Matthew HughesFormer TNW Reporter
Matthew Hughes is a journalist from Liverpool, England. His interests include security, startups, food, and storytelling. Follow him on Twi Matthew Hughes is a journalist from Liverpool, England. His interests include security, startups, food, and storytelling. Follow him on Twitter.
Bloomberg is reporting that Microsoft has acquired GitHub, and will announce the deal on Monday.
For those catching up: GitHub is an online service that allows developers to host their code in the cloud using the popular Git source management system, invented by Linux founder Linus Torvalds in 2005.
In addition to being home to the overwhelming majority of open source projects, it’s also used by developers within companies to privately collaborate on software. It’s not inaccurate or hyperbole to call GitHub the epicenter of the software development universe.
The site was last valued at $2 billion in 2015, and it’s not yet known how much Microsoft paid for the site. It wouldn’t surprise me if it’s vastly north of that figure. Despite the company’s money woes and lack of a CEO, Github holds a privileged position in the development world.
Bloomberg reports that GitHub’s leadership chose to allow Microsoft to acquire it, based on the performance and leadership of Redmond CEO Satya Nadella, who has moved Microsoft beyond its “embrace, extend, and extinguish” days.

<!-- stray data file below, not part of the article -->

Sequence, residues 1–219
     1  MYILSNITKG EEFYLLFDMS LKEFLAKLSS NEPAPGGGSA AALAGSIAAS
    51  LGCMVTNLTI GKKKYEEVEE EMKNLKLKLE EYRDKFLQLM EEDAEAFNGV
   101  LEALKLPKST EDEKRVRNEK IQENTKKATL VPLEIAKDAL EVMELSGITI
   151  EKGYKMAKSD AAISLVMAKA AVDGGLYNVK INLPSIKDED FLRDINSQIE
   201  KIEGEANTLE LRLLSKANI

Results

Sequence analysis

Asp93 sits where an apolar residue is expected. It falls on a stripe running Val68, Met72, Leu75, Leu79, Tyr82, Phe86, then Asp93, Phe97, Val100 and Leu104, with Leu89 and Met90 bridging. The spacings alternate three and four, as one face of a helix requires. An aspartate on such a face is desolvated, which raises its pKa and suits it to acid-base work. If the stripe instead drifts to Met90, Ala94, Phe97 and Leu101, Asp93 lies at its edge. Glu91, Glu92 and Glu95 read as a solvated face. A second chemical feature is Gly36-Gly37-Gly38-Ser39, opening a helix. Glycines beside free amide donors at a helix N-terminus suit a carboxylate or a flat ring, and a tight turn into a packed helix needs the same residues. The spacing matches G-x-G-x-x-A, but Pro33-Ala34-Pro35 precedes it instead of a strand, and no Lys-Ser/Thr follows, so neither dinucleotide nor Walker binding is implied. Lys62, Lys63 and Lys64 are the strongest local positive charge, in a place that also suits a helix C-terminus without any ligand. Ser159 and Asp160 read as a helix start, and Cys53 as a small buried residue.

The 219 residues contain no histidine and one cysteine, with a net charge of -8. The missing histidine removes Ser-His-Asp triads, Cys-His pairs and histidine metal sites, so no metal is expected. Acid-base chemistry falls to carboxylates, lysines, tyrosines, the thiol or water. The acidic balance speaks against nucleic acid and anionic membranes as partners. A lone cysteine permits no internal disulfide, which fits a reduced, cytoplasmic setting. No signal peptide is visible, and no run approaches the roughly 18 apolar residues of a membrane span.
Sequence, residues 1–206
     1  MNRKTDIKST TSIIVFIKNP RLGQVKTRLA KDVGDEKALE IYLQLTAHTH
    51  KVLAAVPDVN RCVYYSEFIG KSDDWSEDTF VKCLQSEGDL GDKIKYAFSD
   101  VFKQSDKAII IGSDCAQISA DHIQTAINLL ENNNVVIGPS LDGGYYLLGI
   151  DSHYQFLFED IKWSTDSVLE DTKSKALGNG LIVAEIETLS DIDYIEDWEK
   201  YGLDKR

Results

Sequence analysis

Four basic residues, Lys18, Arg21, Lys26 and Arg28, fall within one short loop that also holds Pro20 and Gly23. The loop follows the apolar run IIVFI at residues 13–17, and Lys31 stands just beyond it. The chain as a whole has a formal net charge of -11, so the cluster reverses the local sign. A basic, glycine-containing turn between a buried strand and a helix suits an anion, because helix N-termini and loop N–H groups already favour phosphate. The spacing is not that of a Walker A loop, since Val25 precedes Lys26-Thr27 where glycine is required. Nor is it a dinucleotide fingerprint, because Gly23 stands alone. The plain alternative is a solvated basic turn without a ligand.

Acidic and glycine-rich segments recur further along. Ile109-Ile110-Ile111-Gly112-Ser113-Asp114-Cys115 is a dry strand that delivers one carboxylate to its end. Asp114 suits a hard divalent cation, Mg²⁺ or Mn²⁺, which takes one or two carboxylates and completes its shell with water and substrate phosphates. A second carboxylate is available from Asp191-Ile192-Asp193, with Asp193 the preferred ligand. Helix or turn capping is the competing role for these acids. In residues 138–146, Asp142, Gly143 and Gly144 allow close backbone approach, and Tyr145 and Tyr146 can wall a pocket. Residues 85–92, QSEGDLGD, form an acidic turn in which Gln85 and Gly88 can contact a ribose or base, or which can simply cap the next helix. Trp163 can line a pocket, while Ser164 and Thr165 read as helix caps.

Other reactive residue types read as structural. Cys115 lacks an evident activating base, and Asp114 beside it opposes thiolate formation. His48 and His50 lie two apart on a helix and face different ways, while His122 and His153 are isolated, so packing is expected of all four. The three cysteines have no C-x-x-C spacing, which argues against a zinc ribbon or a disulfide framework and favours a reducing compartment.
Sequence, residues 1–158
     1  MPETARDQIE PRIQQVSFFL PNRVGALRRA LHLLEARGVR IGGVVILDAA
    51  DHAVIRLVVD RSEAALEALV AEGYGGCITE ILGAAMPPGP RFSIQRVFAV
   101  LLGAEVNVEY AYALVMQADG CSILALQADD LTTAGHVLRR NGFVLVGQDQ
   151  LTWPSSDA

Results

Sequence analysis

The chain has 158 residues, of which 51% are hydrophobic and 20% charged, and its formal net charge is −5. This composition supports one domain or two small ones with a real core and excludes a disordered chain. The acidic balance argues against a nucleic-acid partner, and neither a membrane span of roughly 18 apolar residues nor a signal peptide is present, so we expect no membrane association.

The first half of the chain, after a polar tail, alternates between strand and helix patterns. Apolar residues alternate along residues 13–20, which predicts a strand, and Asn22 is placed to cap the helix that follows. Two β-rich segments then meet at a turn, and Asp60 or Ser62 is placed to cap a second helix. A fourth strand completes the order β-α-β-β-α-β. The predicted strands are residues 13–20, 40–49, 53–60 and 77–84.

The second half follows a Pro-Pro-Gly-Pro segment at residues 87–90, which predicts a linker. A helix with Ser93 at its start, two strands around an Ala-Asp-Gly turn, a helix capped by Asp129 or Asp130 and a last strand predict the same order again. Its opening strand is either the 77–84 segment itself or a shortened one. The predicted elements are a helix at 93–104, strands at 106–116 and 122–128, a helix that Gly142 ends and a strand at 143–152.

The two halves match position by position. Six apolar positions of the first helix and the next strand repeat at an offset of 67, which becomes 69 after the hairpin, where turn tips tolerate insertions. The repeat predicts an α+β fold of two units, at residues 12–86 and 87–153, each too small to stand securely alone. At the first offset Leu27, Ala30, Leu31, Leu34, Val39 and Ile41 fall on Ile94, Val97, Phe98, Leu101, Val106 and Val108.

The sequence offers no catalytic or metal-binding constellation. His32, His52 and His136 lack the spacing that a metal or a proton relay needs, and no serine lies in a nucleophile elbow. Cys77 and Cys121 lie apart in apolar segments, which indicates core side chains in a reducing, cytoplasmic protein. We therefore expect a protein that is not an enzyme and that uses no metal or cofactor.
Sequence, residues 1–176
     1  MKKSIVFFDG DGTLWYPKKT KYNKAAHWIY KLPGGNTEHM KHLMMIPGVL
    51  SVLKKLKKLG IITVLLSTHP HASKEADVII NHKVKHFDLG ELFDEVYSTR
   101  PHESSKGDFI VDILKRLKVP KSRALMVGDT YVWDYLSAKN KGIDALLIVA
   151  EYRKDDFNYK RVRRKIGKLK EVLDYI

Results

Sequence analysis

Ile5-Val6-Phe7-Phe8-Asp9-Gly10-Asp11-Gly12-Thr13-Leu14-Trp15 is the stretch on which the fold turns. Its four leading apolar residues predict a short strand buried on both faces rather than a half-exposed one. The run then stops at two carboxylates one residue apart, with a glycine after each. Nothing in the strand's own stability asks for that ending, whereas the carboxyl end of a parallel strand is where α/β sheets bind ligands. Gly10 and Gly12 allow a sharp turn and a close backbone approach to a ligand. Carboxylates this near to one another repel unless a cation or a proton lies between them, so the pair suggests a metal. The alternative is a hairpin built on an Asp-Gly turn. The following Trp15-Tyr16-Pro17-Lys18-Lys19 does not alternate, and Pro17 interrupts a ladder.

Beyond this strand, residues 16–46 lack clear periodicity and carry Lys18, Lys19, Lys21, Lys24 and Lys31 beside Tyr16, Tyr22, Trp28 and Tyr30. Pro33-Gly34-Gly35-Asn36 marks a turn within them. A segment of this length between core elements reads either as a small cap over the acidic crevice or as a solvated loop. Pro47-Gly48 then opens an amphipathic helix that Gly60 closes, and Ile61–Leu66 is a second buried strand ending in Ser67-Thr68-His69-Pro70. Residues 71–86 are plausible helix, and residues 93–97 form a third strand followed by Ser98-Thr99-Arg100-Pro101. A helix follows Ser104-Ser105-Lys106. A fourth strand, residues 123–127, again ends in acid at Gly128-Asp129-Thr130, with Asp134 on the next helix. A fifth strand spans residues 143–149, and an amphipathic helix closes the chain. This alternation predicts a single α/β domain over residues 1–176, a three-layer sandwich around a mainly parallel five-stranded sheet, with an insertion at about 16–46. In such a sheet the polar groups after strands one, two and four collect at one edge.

Under Nadella’s rule, Microsoft has enthusiastically embraced open source, with several of its projects released on Github under permissive licenses.
It’s worked hard (and spent a fair bit of cash) on bringing Ubuntu and BASH to Windows, and has ported several of its popular applications to Linux and macOS, like SQL Server and Visual Studio.
Rumors of the deal swirled last Friday. It’s not exactly clear how long Microsoft and GitHub have been in talks, or indeed, when the deal got inked.
TNW has reached out to GitHub and Microsoft about the deal. We’re yet to hear from Github, but a Microsoft representative said the company “doesn’t comment on rumors or speculation.”
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